Liner notes for Equal Interest: Equal Interest (OmniTone 12001)

What goes around comes around. It takes time for the public to catch up with groundbreakers and their innovations.  That's why Mozart is so hot after 200 years and why Ornette Coleman now can actually play Lincoln Center.

What to do with "What" when it comes around —when the public's ready for it —is tricky.  Take jazz, especially "creative jazz." Making something totally new risks over-challenging and possibly alienating newly receptive ears; simply re-creating denies the regenerative, evolutionary essence of jazz as music in process.

Standing the middle ground requires a careful balance of three things: having a well-grounded knowledge of the tradition, feeling part of the here-and-now, and transcending the temporal for the spiritual.  Head, heart and spirit.

Into Equal Interest, Joseph Jarman, Leroy Jenkins and Myra Melford each brings skill and imagination, steeped in the jazz and blues traditions and drawing from classical and folk musics.  Individually, each is a renowned performer, composer, and improviser.  True to the bent of Chicago's influential Association for the Advancement of Creative Music, which weaves its philosophy throughout their work, they collectively meld their individualism into something new — a whole greater than the sum of its parts which extols the past, exalts in the present, and extends to the future.

Jarman, who now spends much of his time working as a Buddhist priest and aikido practitioner in Brooklyn, says, "I contribute my feeling about the music and the Dharma as well as compositions.  I also think because of my work at the dojo, I give us all a feeling of sureness, just as they give to me." Joseph grew up in Chicago.  As an early collaborator with saxophonist Roscoe Mitchell, the Muhal Richard Abrams Experimental Band, and other AACM ensembles, he pushed musical paradigms in all his activities.  He helped found the Art Ensemble of Chicago and performs regularly with his Trio and Quintet.  In addition, Jarman has written numerous works for small ensembles, orchestras, dance companies, and theater groups, has taught and lectured widely, and has been the recipient of numerous major grants and awards.  (He even performed an early work with new music icon John Cage.)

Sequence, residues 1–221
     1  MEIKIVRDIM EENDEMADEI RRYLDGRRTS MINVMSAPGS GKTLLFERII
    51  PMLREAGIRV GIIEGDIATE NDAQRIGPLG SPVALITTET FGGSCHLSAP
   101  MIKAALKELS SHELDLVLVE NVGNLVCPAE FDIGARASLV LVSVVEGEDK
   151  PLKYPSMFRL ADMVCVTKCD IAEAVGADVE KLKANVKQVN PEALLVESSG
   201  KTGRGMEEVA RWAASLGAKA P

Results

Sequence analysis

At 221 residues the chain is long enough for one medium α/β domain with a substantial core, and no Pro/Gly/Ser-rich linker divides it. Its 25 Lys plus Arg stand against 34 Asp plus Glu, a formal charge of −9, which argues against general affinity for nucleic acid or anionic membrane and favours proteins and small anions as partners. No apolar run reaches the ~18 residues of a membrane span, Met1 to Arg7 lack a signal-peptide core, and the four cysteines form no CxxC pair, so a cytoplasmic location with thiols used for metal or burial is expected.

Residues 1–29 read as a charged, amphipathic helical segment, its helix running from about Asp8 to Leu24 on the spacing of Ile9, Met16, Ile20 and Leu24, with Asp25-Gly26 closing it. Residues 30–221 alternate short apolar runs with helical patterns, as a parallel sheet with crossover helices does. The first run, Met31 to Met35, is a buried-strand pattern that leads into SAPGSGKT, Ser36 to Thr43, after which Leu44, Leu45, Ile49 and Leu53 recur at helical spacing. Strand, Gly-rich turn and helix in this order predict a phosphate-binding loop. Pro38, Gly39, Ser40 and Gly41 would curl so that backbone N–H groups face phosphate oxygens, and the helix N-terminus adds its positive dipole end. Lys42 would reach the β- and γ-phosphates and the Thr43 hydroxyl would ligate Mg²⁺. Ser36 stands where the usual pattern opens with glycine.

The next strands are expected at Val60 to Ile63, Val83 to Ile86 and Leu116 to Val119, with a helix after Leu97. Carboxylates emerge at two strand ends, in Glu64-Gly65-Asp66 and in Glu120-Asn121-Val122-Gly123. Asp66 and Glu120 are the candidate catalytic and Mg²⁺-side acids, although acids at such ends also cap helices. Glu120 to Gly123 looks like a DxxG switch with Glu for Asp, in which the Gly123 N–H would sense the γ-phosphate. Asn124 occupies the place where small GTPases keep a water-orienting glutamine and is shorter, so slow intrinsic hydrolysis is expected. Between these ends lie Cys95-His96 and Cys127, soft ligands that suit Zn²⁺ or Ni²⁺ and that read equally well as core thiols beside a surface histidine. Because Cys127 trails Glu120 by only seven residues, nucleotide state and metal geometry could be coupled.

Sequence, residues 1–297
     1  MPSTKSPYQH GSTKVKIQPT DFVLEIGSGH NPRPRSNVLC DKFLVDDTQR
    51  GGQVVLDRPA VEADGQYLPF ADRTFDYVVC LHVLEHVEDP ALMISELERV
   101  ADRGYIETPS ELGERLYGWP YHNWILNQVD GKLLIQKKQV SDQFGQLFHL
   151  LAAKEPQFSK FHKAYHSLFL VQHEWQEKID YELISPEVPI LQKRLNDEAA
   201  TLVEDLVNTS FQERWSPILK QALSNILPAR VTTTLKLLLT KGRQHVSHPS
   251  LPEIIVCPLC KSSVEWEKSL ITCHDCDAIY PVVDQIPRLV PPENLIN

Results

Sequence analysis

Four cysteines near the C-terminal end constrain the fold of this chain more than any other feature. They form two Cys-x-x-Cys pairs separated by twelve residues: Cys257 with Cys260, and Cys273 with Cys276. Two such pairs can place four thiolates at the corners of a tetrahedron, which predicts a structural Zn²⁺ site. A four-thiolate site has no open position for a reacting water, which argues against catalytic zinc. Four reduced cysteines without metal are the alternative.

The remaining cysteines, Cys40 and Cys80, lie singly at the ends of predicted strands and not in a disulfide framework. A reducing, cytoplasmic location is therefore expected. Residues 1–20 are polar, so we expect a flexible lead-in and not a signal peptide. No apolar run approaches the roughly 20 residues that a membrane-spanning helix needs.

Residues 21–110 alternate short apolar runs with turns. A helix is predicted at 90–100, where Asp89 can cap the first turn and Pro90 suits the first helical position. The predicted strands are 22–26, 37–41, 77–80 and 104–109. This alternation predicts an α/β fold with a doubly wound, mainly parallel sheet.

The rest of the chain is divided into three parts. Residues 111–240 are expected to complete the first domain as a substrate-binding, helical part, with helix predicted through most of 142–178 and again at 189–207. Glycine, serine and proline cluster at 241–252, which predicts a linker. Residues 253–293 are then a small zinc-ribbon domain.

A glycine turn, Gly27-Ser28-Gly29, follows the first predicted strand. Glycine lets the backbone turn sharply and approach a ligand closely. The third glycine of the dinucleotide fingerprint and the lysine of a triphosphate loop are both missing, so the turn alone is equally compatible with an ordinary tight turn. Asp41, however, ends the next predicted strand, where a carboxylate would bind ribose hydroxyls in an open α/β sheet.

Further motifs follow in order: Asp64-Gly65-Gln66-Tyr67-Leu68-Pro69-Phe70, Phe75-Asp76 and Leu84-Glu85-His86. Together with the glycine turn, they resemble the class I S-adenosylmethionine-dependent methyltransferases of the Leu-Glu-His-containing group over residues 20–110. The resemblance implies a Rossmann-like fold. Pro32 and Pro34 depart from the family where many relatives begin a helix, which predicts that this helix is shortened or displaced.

Jenkins, who is a native of Chicago, was already playing violin by age 8.  After graduating from Florida A&M, he taught music in the South for a decade before returning to his hometown.  On his return, he immediately joined the then fledgling AACM, performing and recording with pianist Muhal Richard Abrams, trumpeter Leo Smith, multi-instrumentalist Anthony Braxton, and modern drum legend Steve McCall.  With the latter three, he formed the Creative Construction Company, one of the first groups to introduce New York to Chicago-based new music.  Jenkins has stretched musical boundaries with explorers Archie Shepp, Albert Ayler, Alice Coltrane, Mtume, Cal Massey, and the Revolutionary Ensemble, recording extensively as a leader and sideman for Black Saint, India Navigation, and other labels.  As a recipient of numerous commissions and grants, Jenkins (like Jarman) has focused on composing for mixed ensembles, dance troupes, orchestras, and even choruses.  He was a founding member of Meet the Composer and continues to perform, teach, lecture, and compose.

Melford, also a Chicagoland native, had early piano training which included boogie-woogie lessons.  She later studied with Art Lande and Ran Blake, among others.  Though she was never an actual member of the organization, Melford professes that the philosophy and music of the AACM were central to her formation and development as pianist and composer.  She has performed and recorded with ensembles led by AACM members Henry Threadgill, Jenkins, and Jarman, and is considered to be in the vanguard of the New York "downtown" scene.  Melford has performed with Butch Morris, Dave Douglas, and Fred Frith, to name a few.  She currently performs in duo with Marty Ehrlich, and leads both The Same River, Twice quintet and her trio Crush.  She teaches, composes, conducts performance workshops, and travels and performs extensively.

This debut CD showcases what Jenkins aptly calls "the sensitivity and verve" of this broad and deep collective.  The distinctive compositions are perhaps best described in their composers' own words.

Joseph Jarman:

"Poem Song" is an excerpt from a suite that I have written about the gentle nature of Buddhism and the uniqueness of meditation.

"Rondo for Jenny" is actually based on musical ideas from South Indian nomadic musical forms that I love.  The oboe is there as a voice in the center of the vibration of the nomads.

Leroy Jenkins:

"In the Moment": The best way to capture moments is to pay attention.  Wherever you go, there you are.

"B'Pale Night" is a blues, but not a blues form.

Myra Melford:

"Over This/Living Music" was written for Joseph and Leroy after we'd been playing together for almost two years.  I wanted to capture the spirit of the ensemble, which straddles the line of chamber music and jazz.

"The Beauty We Love" is a short meditation on the nature of beauty.

"Everything Today" is a kind of sped up, contemporary, "Rhythm changes," inspired by both Ornette Coleman and the Tarif de Haidouks.

"Apricots from Eden" is a traditional song and dance from Armenia I heard on a record by Djivan Gasparyan, who plays the duduk, a double-reeded pipe.

It's appropriate that the set ends with a dance, since this debut record captures, as Melford puts it, "three playful spirits who have found a common internal space where this music can live and develop."  Serious or silly, chaotic or serene, illuminating or obscuring, Equal Interest's music always dances.  Feet on the ground and a flair for what's in the air.

—Frank Tafuri

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